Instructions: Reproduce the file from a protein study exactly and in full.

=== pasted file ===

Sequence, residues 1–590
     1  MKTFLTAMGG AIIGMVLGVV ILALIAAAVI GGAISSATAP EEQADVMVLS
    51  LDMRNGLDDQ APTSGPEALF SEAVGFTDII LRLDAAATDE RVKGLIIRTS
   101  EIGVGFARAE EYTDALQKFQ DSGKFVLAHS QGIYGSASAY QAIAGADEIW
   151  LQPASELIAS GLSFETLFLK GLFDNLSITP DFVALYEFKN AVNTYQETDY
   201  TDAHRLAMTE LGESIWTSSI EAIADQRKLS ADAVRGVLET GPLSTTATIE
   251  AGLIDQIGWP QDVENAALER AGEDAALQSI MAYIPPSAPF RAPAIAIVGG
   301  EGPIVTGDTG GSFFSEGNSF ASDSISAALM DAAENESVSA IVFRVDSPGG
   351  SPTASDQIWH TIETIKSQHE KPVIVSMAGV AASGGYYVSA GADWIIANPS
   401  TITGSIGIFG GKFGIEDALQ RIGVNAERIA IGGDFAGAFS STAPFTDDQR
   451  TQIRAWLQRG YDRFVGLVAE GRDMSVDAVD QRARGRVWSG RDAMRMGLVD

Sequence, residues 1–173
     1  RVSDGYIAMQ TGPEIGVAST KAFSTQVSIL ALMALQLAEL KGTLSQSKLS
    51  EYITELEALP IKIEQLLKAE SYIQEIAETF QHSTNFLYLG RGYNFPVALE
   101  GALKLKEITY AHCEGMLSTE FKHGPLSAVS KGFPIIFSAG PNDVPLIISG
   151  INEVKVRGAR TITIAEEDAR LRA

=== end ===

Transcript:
Sequence, residues 1–590
     1  MKTFLTAMGG AIIGMVLGVV ILALIAAAVI GGAISSATAP EEQADVMVLS
    51  LDMRNGLDDQ APTSGPEALF SEAVGFTDII LRLDAAATDE RVKGLIIRTS
   101  EIGVGFARAE EYTDALQKFQ DSGKFVLAHS QGIYGSASAY QAIAGADEIW
   151  LQPASELIAS GLSFETLFLK GLFDNLSITP DFVALYEFKN AVNTYQETDY
   201  TDAHRLAMTE LGESIWTSSI EAIADQRKLS ADAVRGVLET GPLSTTATIE
   251  AGLIDQIGWP QDVENAALER AGEDAALQSI MAYIPPSAPF RAPAIAIVGG
   301  EGPIVTGDTG GSFFSEGNSF ASDSISAALM DAAENESVSA IVFRVDSPGG
   351  SPTASDQIWH TIETIKSQHE KPVIVSMAGV AASGGYYVSA GADWIIANPS
   401  TITGSIGIFG GKFGIEDALQ RIGVNAERIA IGGDFAGAFS STAPFTDDQR
   451  TQIRAWLQRG YDRFVGLVAE GRDMSVDAVD QRARGRVWSG RDAMRMGLVD

Sequence, residues 1–173
     1  RVSDGYIAMQ TGPEIGVAST KAFSTQVSIL ALMALQLAEL KGTLSQSKLS
    51  EYITELEALP IKIEQLLKAE SYIQEIAETF QHSTNFLYLG RGYNFPVALE
   101  GALKLKEITY AHCEGMLSTE FKHGPLSAVS KGFPIIFSAG PNDVPLIISG
   151  INEVKVRGAR TITIAEEDAR LRA